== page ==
For all the ancient thinkers, a necessary and sufficient condition of an emotion’s being truly positive—in the sense of making a positive contribution toward a flourishing life—is that it be based on true beliefs, both about value and about what events have occurred. Many instances of good-feeling emotion are actually quite negative, inasmuch as they are based on false beliefs about value. […]
By the same token, many negative-feeling emotions are appropriate, and even very valuable. […] Anger is a sign of what we care intensely about and a spur to justice. Aristotle does not urge people to be angry all the time; indeed, he thinks that the appropriate virtue in this area should be called “mildness of temper,” in order to indicate that the good person does not get angry too often. But if someone did not get angry at damages to loved ones or kin, he would be “slavish,” in Aristotle’s view. (S93. My emphasis.)
This brings us to the issue of the death of those dear to us and grief. I take it that grief is a clear example of an intensely difficult, painful, and unpleasant emotional state. As such it is inconsistent with the Buddhist’s goal of alleviating suffering: enlightenment, Nirvana. That is not to say that an enlightened Buddhist could not prefer that the deceased were still alive or regret the loss, but such states of mind would not amount to the suffering that typically characterizes grief for the unenlightened. And, again, this more typical grief is inconsistent with the Buddhist goal of the cessation of suffering.
From the Aristotelian perspective, this goal of ending suffering, and the instances of suffering involving grief, is abhorrent. While the Buddhist has a number of reasons (I’m leaving aside whether they’re any good) for thinking that the death of a loved one should not give rise to suffering, those reasons are ultimately motivated by the negative valuation of suffering. And it is the judgment that suffering is always essentially negative that the Aristotelian perspective claims is false. Thus, to respond to the death of a loved one without grief reflects poorly on the character and judgment of the “bereft.” Moreover, we might imagine the Aristotelian response to the Buddhist’s desire to bring an end to suffering as itself slavish, even if that desire was, for the Buddhist, properly free of craving and attachment.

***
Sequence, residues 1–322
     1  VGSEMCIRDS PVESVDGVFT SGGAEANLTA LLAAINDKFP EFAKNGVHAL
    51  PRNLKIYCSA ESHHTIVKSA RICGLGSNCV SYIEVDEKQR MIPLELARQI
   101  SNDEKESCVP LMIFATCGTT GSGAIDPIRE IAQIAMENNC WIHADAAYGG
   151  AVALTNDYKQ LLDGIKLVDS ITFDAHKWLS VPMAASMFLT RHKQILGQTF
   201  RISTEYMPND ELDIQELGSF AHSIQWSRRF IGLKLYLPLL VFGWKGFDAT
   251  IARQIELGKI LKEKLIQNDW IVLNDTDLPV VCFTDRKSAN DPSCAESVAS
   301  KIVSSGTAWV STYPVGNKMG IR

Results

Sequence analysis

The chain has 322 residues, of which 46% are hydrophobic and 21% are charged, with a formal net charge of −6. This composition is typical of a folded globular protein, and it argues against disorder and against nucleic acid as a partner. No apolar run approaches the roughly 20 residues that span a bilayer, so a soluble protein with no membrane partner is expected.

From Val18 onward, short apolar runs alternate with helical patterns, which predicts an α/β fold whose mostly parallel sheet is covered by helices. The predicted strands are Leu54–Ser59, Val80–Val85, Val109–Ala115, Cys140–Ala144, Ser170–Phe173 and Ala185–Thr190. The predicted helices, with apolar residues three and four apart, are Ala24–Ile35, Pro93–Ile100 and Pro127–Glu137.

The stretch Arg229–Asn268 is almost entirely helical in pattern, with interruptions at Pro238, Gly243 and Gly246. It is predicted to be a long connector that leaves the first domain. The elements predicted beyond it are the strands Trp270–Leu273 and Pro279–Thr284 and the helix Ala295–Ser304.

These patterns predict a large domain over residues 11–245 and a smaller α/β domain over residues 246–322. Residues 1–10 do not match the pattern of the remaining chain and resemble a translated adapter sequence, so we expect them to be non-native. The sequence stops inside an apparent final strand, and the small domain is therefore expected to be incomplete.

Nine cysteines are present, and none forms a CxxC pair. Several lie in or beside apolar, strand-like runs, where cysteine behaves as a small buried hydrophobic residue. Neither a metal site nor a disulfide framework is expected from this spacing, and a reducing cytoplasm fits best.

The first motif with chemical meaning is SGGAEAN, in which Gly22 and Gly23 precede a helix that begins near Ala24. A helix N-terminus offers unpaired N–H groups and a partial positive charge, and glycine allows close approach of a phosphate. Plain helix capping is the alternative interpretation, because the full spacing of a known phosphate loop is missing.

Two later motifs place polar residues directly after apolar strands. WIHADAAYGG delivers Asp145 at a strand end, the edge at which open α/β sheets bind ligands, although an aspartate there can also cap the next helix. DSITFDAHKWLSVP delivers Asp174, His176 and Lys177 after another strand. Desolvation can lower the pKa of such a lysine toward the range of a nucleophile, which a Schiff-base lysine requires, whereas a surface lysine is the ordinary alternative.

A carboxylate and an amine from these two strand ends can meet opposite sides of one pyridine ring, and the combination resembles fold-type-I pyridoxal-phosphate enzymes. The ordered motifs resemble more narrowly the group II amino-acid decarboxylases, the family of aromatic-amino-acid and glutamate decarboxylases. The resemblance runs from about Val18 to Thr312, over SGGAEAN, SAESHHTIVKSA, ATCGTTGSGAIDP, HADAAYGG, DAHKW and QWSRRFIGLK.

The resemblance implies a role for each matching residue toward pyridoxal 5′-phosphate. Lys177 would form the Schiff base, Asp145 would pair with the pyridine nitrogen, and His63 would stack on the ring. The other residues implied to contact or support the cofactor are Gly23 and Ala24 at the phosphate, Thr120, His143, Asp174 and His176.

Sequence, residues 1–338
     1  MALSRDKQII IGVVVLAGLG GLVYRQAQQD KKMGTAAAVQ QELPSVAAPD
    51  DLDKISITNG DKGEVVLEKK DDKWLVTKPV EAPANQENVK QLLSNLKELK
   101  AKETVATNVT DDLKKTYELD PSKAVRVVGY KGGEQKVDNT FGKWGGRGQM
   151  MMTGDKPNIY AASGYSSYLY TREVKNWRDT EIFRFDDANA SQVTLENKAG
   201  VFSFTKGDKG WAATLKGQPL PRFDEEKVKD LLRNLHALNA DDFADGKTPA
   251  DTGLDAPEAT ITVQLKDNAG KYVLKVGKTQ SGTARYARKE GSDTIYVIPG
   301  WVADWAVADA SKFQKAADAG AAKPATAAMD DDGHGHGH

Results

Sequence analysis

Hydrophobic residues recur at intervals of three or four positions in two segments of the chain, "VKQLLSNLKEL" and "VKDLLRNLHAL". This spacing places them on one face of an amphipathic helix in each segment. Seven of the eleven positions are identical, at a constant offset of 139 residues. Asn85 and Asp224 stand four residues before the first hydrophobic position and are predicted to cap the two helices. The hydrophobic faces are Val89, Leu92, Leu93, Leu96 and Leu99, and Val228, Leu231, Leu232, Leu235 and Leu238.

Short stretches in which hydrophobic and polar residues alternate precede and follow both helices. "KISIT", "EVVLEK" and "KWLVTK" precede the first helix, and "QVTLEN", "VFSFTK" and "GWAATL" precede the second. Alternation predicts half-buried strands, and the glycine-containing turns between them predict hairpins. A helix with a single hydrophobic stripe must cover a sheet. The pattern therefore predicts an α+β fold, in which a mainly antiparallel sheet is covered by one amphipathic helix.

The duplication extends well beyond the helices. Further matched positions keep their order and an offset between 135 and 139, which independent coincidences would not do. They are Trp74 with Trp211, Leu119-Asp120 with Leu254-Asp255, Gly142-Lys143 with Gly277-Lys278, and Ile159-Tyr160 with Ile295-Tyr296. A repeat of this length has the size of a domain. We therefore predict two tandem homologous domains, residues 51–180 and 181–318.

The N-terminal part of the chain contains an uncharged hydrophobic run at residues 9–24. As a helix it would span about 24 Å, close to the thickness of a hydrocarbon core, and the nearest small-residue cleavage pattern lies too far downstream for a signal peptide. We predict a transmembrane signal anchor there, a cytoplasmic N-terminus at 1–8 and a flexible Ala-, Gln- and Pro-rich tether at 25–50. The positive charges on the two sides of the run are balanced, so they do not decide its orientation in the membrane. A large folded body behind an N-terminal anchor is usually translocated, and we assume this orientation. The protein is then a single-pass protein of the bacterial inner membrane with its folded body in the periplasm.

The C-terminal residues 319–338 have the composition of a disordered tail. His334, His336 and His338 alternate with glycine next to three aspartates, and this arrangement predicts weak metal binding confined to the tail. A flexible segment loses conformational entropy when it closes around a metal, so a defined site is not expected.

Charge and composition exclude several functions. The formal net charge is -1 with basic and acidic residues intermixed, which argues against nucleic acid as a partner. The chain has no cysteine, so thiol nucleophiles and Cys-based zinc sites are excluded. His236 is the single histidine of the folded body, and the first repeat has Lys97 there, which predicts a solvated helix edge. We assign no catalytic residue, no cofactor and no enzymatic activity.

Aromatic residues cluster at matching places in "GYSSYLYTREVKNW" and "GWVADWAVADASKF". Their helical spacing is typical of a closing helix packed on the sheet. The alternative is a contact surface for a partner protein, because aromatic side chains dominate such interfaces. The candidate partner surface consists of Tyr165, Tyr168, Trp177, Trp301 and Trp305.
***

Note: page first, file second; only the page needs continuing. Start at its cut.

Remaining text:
I have not given reasons for thinking that the Aristotelian perspective is right and the Buddhist perspective wrong. However, as much as I value Buddhism, I do think that its blanket negative valuation of suffering is flawed. One of the reasons for that is because of what it implies for human greatness and achievement. See again here. Another reason Buddhism’s negative valuation of suffering is flawed is because of its implications for the appropriateness of emotions like anger and grief. There is something deeply human about responding to the loss of loved ones with deep grief, the willful harm inflicted upon us with anger, and the perception of imminent harm with fear. The Buddhist will have a response to this – part of which will be that these negative emotions stem from delusive impressions of a substantial self or atman. Such responses are, I believe, inadequate. I’m not arguing that here; the point of this essay is to articulate clearly the nature of the dehumanizing defect in Buddhist thought, its negatively valuing emotional responses such as grief.
Nussbaum, Martha. 2008. “Who Is the Happy Warrior? Philosophy Poses Questions to Psychology.” Journal of Logical Studies, vol. 37. S81-S113.